New York State Energy Research and Development Authority has coordinated on behalf of the State all the work being conducted by New York State agencies in the development of offshore wind resources. As part of its leadership role, NYSERDA spearheaded the development of the New York State Offshore Wind Master Plan, a comprehensive roadmap that encourages the development of offshore wind in a manner that is sensitive to environmental, maritime, economic, and social issues while addressing market barriers and aiming to lower costs.
This report quantifies Alaska’s offshore wind resource capacity while focusing on its unique nature. It is a supplement to the existing U.S. Offshore Wind Resource Assessment, which evaluated the offshore wind resource for all other U.S. states (Musial et al. 2016). Together, these reports provide the foundation for the nation’s offshore wind value proposition. Both studies were developed by the National Renewable Energy Laboratory (NREL). The analysis presented herein represents the first quantitative evidence of the offshore wind energy potential of Alaska.
The net energy potential for Alaska is estimated to be 12,087 TWh/year, which is substantially higher than the statewide electricity consumption of approximately 6 TWh/year and higher than the total U.S. consumption of 3,711 TWh/year (U.S. EIA 2017c).
The Northeast Offshore Wind Regional Market Characterization report identifies the opportunities and challenges that will shape the offshore wind market. It estimates the scale of potential offshore wind deployment to serve Northeast markets through 2030, given the nature of the offshore wind resource, federal lease opportunities, state policies, regional energy needs, existing electricity generation and planned retirements, and transmission capacity. The report finds that a low regional deployment trajectory could lead to 4,000 megawatts of offshore wind generation by 2030 off the Atlantic coast of the Northeast. A high regional deployment trajectory could lead to nearly 8,000 megawatts, which could power almost four million homes. The report also provides background information on topics ranging from interconnection infrastructure and permitting timelines to electricity markets and relevant public policies.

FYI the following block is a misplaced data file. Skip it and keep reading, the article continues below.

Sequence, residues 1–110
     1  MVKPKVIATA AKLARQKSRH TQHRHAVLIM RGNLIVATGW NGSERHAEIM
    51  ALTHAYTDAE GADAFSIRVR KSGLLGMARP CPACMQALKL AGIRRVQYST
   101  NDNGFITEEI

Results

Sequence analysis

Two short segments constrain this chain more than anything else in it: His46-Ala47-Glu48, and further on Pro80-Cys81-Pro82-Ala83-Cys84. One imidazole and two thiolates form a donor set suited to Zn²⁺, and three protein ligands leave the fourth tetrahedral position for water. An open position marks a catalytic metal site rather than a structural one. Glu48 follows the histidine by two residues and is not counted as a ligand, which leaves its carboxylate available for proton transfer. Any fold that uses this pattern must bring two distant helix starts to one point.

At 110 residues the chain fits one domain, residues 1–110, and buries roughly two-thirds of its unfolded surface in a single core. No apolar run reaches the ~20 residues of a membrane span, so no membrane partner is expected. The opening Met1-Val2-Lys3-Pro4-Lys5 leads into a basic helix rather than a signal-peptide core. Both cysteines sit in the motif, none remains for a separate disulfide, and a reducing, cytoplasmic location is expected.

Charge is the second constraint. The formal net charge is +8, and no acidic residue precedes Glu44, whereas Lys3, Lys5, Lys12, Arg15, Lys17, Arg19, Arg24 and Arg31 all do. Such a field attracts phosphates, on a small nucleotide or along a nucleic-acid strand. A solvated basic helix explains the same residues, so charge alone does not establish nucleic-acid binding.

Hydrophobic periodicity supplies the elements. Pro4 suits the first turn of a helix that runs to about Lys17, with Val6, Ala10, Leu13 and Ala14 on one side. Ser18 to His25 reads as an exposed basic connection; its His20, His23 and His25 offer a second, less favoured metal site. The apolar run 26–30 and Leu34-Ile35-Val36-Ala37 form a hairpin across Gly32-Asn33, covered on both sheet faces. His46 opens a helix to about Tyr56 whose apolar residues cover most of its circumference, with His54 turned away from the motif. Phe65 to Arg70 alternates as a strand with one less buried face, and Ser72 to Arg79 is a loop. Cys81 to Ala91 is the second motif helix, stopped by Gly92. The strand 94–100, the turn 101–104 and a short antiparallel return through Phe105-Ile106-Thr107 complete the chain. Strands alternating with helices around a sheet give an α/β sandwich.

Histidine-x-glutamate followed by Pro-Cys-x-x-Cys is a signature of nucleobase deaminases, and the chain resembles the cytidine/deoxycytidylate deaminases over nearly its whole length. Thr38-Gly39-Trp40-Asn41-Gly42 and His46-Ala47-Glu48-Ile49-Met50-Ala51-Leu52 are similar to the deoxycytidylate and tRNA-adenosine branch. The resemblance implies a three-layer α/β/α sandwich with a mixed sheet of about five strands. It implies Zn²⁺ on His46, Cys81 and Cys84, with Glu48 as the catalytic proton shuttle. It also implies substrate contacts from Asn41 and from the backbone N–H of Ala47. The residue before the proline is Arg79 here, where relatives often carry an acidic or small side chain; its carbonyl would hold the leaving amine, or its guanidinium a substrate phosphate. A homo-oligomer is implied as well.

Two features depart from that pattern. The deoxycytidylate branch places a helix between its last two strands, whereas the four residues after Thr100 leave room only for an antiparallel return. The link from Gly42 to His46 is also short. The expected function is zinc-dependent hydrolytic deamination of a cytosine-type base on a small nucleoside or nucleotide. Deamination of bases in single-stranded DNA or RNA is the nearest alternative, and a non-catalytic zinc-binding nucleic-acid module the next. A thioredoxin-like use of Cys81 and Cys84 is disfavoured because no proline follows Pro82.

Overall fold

A press release announced that the Massachusetts Clean Energy Center awarded $700,000 to nine Massachusetts academic and research institutions for studies related to offshore wind development. "The funding will support three offshore wind research projects to identify industry workforce training and safety requirements; establish a multi-university partnership focused on innovation and driving down costs; and develop a new technique to monitor the structural health of wind blades."
This document is on the Massachusetts Clean Energy Center website at: http://www.masscec.com/about-masscec/news/baker-polito-administration-announces-700000-funding-offshore-wind-research
This presentation reviews Virginia's offshore wind background and accomplishments. It addresses VOWTAP project specifics
The purpose of this Request for Information (RFI) is to gather feedback from offshore wind energy developers, consultants, financiers, scientists, regulators and other stakeholders on the draft MetOcean Plan (www.nyserda.ny.gov/offshorewind) developed by the New York State Energy Research and Development Authority (NYSERDA). NYSERDA intends to implement the final MetOcean Plan in 2017 to support and facilitate the development of the New York Wind Energy Area (WEA) identified by the Bureau of Ocean Energy Management (BOEM), south of Long Island’s Rockaway Peninsula, off the coast of New York.
New York City has pledged to reduce overall greenhouse gas emissions 80 percent by 2050 (80x50), and emissions from city government operations 35 percent by 2025 (35x25). The City is issued a Request for Information (“RFI”) seeking responses from all entities involved in and supporting the renewable energy sector. This RFI is designed to identify new generation capacity rather than existing sources of renewable energy. City government currently spends between $600 million and $650 million per year on its electricity, and could potentially use its purchasing power to catalyze the development of new sources of renewable power, reduce greenhouse gas emissions, and chart a path to receive 100 percent of electricity from renewable sources of energy.
This document is available online at: https://mspwvw-dcscpfvp.nyc.gov/CROLPublicFacingWeb/RequestDetail?requestId=20150803002